Kirk out after lengthy debate
The Navajo Nation Council voted Wednesday evening to remove Controller Pearline Kirk with a vote of 13-10.
The legislation was initially introduced last Friday, but it was filibustered and allowed to die even after the Navajo Department of Justice revealed two criminal charges have been filed against Kirk. DOJ attorneys said the charges under seal so they can’t be revealed yet.
After three hours of voting on the agenda Wednesday, the Council voted to hear the removal legislation and do away with reports.
Delegates were bitterly divided on the decision, with some steadfastly supporting Kirk in spite of the allegations.
“What if we are not happy with the investigation?” asked Delegate Nathaniel Brown. “The blame is going to go to Attorney General. Are we going to be removing her? Will we move others? We are making this important decision prematurely.”
While the legislation does not state a reason for Kirk’s removal, it seemed to be partly in connection with a contract Kirk entered into last November with Agile Technology Group to perform COVID-19 tests on her employees and their families. According to Navajo Attorney General Doreen McPaul, who filed a cease-and-desist order against Agile last Friday, the company was never approved for testing by the Navajo Nation Health Department, the sole-source emergency contract was improperly procured, and the company overstayed its contract by five months and performed COVID tests on other people besides the controller’s office employees — including Council delegates.
But there were other issues as well.
During Wednesday’s debate Delegate Amber Crotty asked the sponsor of the legislation, Pernell Halona, what the rationale was for this legislation.
Halona cited his distrust of Kirk, stemming from issues he witnessed between her office and entities such as the Eastern Agency Council, which passed a resolution expressing a vote of no confidence in the Office of the Controller.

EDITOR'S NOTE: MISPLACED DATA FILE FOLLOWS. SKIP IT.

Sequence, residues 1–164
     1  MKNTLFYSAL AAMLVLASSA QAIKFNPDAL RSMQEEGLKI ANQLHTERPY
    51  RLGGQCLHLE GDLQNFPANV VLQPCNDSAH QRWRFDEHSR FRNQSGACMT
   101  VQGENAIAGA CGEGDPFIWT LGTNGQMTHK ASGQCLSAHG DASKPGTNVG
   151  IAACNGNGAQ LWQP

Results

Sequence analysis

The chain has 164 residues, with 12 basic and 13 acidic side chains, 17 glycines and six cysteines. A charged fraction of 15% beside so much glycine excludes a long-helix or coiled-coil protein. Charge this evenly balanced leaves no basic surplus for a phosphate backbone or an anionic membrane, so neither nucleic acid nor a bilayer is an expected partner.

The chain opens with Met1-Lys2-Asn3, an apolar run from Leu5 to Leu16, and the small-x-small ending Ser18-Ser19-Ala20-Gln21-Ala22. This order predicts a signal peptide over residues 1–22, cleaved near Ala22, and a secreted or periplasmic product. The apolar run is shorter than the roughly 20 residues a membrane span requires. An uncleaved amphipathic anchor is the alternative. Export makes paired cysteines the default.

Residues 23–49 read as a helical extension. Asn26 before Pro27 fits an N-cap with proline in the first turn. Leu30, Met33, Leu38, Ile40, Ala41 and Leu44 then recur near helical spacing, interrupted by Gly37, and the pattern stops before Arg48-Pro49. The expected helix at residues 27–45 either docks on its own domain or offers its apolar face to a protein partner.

The EAC passed the resolution on March 6 in response to Kirk’s alleged failure to adequately administer Coronavirus Aid, Relief, and Economic Security Act funds to Eastern Agency chapters through Legislation No. 201-20. The resolution also included Crownpoint Chapter’s allegations of poor management and unfair due diligence by Kirk for projects within Eastern Agency. It was approved by a vote of 15 in favor and 11 opposed.
“We had many people that were allocated funds and many of those funds that were allocated didn’t get spent and so a lot of those funds came back,” said Halona. “They were put into the Hardship program, and so we have this new ARPA (American Rescue Plan Act) funding coming. … The reports coming from the Attorney General’s office shed a new light to this removal.”
Documents supporting Halona’s claims were requested by delegates but weren’t provided before they went into executive session in order to get more information. The vote came after they came out of executive session.
“With the American Rescue Plan Act Funds coming, we need to make sure we perform our due diligence in ensuring the people’s money is spent in an ethical manner from the top to the bottom,” stated Speaker Seth Damon (Bááhaalí, Chichiltah, Manuelito, Red Rock, Rock Springs, Tséyatoh). “It is unfortunate that we have to make these hard decisions, but the people’s safety is our number one priority.”
Council Delegate Carl Slater added, “The controller has not cooperated with any investigations since 2017 and it becomes very suspect if you’re a member of the Navajo Nation government while declining to participate when called on by your Department of Justice.”
Council now awaits the Navajo Nation Office of the President and Vice President’s recommendation for the appointment of a new Controller.